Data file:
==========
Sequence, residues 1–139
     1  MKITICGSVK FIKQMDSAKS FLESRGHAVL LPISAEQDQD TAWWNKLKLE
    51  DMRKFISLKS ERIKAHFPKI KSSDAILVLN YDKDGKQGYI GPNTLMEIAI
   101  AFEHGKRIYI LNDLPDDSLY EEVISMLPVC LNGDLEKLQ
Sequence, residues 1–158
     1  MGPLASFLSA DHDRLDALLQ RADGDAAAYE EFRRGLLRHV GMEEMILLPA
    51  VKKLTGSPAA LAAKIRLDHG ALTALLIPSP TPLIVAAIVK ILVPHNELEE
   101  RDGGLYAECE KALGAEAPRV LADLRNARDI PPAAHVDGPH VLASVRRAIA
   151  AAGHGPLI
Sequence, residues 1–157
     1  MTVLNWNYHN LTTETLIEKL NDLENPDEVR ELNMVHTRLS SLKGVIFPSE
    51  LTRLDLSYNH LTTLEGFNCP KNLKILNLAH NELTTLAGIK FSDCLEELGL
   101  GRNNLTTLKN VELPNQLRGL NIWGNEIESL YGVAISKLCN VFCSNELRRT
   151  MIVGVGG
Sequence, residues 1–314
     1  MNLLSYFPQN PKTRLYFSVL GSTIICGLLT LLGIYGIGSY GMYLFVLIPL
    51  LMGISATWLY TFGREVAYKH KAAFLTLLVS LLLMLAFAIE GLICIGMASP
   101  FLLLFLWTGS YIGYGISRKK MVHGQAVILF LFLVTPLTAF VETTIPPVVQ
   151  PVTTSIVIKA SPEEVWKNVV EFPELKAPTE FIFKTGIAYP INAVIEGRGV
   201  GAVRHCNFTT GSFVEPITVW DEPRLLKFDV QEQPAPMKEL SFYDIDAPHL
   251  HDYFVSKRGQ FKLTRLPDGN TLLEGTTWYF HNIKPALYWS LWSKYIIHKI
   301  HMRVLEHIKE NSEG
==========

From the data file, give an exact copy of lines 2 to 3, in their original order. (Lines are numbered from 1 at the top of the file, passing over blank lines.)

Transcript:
     1  MKITICGSVK FIKQMDSAKS FLESRGHAVL LPISAEQDQD TAWWNKLKLE
    51  DMRKFISLKS ERIKAHFPKI KSSDAILVLN YDKDGKQGYI GPNTLMEIAI